Ancient Monuments

History on the Ground

This site is entirely user-supported. See how you can help.

Long cairn 370m ESE of Mossthorn Farm

A Scheduled Monument in Dacre, Cumbria

We don't have any photos of this monument yet. Why don't you be the first to send us one?

Upload Photo »

Approximate Location Map
Large Map »

If Google Street View is available, the image is from the best available vantage point looking, if possible, towards the location of the monument. Where it is not available, the satellite view is shown instead.


Latitude: 54.6664 / 54°39'58"N

Longitude: -2.8032 / 2°48'11"W

OS Eastings: 348288.325759

OS Northings: 530440.5094

OS Grid: NY482304

Mapcode National: GBR 8GVH.X0

Mapcode Global: WH813.XZ92

Entry Name: Long cairn 370m ESE of Mossthorn Farm

Scheduled Date: 31 December 1952

Last Amended: 7 February 1997

Source: Historic England

Source ID: 1012819

English Heritage Legacy ID: 23766

County: Cumbria

Civil Parish: Dacre

Traditional County: Cumberland

Lieutenancy Area (Ceremonial County): Cumbria

Church of England Parish: Newton Reigny St John

Church of England Diocese: Carlisle


The monument includes a partly mutilated long cairn located 370m ESE of
Mossthorn Farm at the extreme southern end of Copt How ridge, from where the
ground falls steeply on the west and south sides to a small stream and less
steeply on the east side. It includes a turf-covered mound of cobbles and
earth up to 4m high measuring c.50m east-west by 43m north-south. A number of
urns were reportedly discovered here several years ago but their present
whereabouts is unknown.

The site of the monument is shown on the attached map extract.
It includes a 2 metre boundary around the archaeological features,
considered to be essential for the monument's support and preservation.

Source: Historic England

Reasons for Scheduling

Long cairns were constructed as elongated rubble mounds and acted as funerary
monuments during the Early and Middle Neolithic periods (c.3400-2400 BC). They
represent the burial places of Britain's early farming communities and, as
such, are amongst the oldest field monuments surviving visibly in the present
landscape. Where investigated, long cairns appear to have been used for
communal burial, often with only parts of the human remains having been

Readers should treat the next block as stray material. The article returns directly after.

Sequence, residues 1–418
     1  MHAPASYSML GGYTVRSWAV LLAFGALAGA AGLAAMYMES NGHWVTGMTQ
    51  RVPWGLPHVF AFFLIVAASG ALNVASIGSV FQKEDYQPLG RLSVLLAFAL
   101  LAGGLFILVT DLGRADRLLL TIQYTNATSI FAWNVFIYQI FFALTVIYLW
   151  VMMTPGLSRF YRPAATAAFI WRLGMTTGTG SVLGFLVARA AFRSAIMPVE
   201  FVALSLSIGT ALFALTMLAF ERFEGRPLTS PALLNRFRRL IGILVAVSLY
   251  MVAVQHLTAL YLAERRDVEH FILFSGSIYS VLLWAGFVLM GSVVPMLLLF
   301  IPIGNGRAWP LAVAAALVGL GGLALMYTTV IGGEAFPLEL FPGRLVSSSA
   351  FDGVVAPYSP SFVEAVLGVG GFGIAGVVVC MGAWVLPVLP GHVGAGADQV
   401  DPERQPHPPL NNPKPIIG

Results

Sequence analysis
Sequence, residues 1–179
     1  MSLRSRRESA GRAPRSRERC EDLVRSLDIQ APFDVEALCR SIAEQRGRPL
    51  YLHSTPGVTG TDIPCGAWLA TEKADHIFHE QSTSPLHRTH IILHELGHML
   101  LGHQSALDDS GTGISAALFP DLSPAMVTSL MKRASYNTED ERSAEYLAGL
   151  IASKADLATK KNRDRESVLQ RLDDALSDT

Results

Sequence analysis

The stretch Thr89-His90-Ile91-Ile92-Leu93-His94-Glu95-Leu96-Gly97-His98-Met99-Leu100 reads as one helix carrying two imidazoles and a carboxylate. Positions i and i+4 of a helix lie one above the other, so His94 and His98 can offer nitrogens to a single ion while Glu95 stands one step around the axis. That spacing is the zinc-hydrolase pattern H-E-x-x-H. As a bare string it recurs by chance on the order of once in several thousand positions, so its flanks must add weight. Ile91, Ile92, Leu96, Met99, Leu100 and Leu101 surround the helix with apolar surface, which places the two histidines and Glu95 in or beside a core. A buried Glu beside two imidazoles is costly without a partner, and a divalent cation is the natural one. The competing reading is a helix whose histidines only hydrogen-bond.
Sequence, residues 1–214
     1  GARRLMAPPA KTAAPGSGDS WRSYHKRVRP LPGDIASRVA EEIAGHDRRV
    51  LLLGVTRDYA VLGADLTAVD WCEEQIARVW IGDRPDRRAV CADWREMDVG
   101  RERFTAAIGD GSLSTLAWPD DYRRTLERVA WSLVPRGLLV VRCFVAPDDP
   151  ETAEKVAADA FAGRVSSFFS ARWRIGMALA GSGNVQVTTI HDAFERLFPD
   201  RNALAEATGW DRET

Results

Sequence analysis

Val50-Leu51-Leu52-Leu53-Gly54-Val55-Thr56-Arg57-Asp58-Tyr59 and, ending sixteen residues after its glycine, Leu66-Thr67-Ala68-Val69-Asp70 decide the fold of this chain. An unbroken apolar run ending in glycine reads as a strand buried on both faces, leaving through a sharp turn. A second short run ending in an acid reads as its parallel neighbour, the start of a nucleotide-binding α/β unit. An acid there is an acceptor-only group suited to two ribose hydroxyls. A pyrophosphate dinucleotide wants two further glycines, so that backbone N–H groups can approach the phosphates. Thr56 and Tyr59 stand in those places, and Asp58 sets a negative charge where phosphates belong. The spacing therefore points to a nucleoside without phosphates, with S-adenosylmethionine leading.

selected for interment. Long cairns sometimes display evidence of internal
structural arrangements, including stone-lined compartments and tomb chambers
constructed from massive slabs. Some examples also show edge-set kerb stones
bounding parts of the cairn perimeter. Certain sites provide evidence for
several phases of funeral activity preceding construction of the cairn, and
consequently it is probable that long cairns acted as important ritual sites
for local communities over a considerable period of time. Some 500 examples of
long cairns and long barrows, their counterparts in central and eastern
England, are recorded nationally. As one of the few types of Neolithic
structure to survive as a visible monument and due to their comparative
rarity, their considerable age and their longevity as a monument type, all
positively identified long cairns are considered to be nationally important.

Despite some plough clipping on the monument's western side, the long cairn
370m ESE of Mossthorn Farm survives reasonably well. It is one of a number of
surviving Neolithic and later prehistoric monuments situated in close
proximity to Penrith and the Eden valley, and attests to the importance of
this area in prehistoric times and the diversity of monument classes to be
found here.

Source: Historic England


FMW Report, Crow, J, Long cairns E of Mossthorn Farm, (1985)
SMR No. 3793, Cumbria SMR, Long cairns E of Mossthorn Farm, (1984)

Source: Historic England

Other nearby scheduled monuments is an independent online resource and is not associated with any government department. All government data published here is used under licence. Please do not contact for any queries related to any individual ancient or schedued monument, planning permission related to scheduled monuments or the scheduling process itself. is a Good Stuff website.